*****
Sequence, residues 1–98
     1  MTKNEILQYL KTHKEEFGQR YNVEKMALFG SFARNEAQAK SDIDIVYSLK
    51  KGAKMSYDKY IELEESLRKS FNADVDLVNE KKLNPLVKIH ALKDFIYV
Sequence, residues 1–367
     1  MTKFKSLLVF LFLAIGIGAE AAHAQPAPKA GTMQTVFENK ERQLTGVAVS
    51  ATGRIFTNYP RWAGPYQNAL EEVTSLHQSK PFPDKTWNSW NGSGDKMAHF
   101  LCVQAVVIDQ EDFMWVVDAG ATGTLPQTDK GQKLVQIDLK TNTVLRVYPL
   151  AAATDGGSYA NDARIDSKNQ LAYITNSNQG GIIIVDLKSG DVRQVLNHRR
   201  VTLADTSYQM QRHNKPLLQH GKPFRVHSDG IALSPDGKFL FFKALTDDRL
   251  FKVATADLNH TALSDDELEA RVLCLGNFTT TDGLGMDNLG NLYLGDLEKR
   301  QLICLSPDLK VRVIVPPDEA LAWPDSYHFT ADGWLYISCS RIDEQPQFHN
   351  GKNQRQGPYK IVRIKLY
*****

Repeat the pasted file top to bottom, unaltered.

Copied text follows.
Sequence, residues 1–98
     1  MTKNEILQYL KTHKEEFGQR YNVEKMALFG SFARNEAQAK SDIDIVYSLK
    51  KGAKMSYDKY IELEESLRKS FNADVDLVNE KKLNPLVKIH ALKDFIYV
Sequence, residues 1–367
     1  MTKFKSLLVF LFLAIGIGAE AAHAQPAPKA GTMQTVFENK ERQLTGVAVS
    51  ATGRIFTNYP RWAGPYQNAL EEVTSLHQSK PFPDKTWNSW NGSGDKMAHF
   101  LCVQAVVIDQ EDFMWVVDAG ATGTLPQTDK GQKLVQIDLK TNTVLRVYPL
   151  AAATDGGSYA NDARIDSKNQ LAYITNSNQG GIIIVDLKSG DVRQVLNHRR
   201  VTLADTSYQM QRHNKPLLQH GKPFRVHSDG IALSPDGKFL FFKALTDDRL
   251  FKVATADLNH TALSDDELEA RVLCLGNFTT TDGLGMDNLG NLYLGDLEKR
   301  QLICLSPDLK VRVIVPPDEA LAWPDSYHFT ADGWLYISCS RIDEQPQFHN
   351  GKNQRQGPYK IVRIKLY